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Re: [css3-2d-transforms] Interop: matrix() values e,f <number> or <length>

From: Boris Zbarsky <bzbarsky@MIT.EDU>
Date: Fri, 19 Nov 2010 15:01:48 -0500
Message-ID: <4CE6D7AC.9000202@mit.edu>
To: Chris Marrin <cmarrin@apple.com>
CC: www-style list <www-style@w3.org>
On 11/19/10 1:26 PM, Chris Marrin wrote:
>> To clarify, what you're saying is "The syntax should have no units, but the semantics should be that the number is treated as if it had units of px".  Or something.  The current 2d transform spec actually doesn't define what the heck the matrix() syntax means for nonzero e and f, except by linking to SVG.  In SVG there is in fact a privileged unit: user units; so in SVG assuming that e and f are given in user units makes sense. In fact, in SVG you always have to use user units in all the transform stuff (including in translate()).  You can't use other units even if you wanted to.
> I'm not sure what "user units" are in SVG.

SVG has this concept of a current coordinate system.  This is just a 
mathematical coordinate system on the plane; it has an origin, an x 
axis, and a y axis (which may not even be at right angles to each other 
if angles are measured in the original coordinate system of the 
document, but are presumably defined to be orthogonal in the current 
coordinate system itself; I don't think the SVG spec actually makes this 
clear).  A distance of "1" along the x axis or along the "y" axis is 
whatever it is and may not actually be the same distance in practice. 
Think an actual pair of axes drawn on top of the page.

The values of the transform attribute in SVG are values in this 
coordinate system.  So for example, the translation is in user units. 
You _cannot_ translate by "1in", say.  You can only translate by some 
multiple of whatever the current coordinate system's units are.

Further, what the transform describes is just how to set up a new 
coordinate system, and nothing more.  So something like:

   transform="scale(0.5) translate(100, 100)"

means "Set up a new coordinate system, whose center is at (100,100) in 
the old coordinate system and whose x-unit is half the x-unit of the old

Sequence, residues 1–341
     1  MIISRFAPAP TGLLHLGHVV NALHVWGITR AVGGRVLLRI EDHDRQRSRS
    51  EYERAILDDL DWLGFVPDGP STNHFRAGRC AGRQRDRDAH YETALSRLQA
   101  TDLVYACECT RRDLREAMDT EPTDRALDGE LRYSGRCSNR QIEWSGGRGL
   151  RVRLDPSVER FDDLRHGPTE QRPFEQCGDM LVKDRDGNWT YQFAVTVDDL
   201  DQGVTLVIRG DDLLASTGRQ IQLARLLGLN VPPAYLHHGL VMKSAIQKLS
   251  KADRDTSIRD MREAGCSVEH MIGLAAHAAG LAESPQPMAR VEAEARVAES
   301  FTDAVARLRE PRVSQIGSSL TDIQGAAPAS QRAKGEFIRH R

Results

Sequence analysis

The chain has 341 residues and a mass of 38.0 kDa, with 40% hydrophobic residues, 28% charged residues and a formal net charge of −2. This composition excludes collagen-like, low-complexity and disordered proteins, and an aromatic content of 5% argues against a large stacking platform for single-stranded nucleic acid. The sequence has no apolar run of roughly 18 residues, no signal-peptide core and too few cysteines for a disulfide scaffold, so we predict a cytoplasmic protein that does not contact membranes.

coordinate system and y-unit is half the y-unit of the old coordinate 
system".  This new coordinate system then becomes the current coordinate 
system.  Thus for every element there is a current coordinate system 
active when the element is being rendered.  In addition to transforms, 
viewBox attributes can also affect the current coordinate system.

Lengths in SVG are then defined by reference to the current coordinate 
system when the length is being resolved.  For example, "1px" is defined 
as 1 coordinate system unit in the current coordinate system.

It actually does all end up working out.  When you paint, you paint on 
your typical coordinate grid, and then that grid is transformed into 
your actual user coordinate system (using the CTM), taking your drawing 
with itself, etc.

> But yes, I believe units should not be allowed in the matrix() function syntax. Certainly values being produced in the matrix operations have _some_ units, I think we just have to agree what those units are.

OK, what are they?  And again, I think allowing units in translate() but 
not in matrix() is really weird.  For one thing, I'm failing to come up 
with a self-consistent model of how transforms work in that world...

> This brings up a glaring problem with CSSMatrix. When you construct one, it is not associated with any element, so you can't use an element's style to convert units. Today, when we encounter the above CSSMatrix constructor I believe we just convert 50% to a value of 50 or something equally arbitrary. We should probably amend CSSMatrix to allow an element to be passed to the constructor. This brings up the next sticky issue of what happens when, for instance, the client size of the element changes. Do values in the CSSMatrix change? Madness!

Agreed.  Why are we allowing percentages here again?  ;)

Received on Friday, 19 November 2010 20:02:22 UTC

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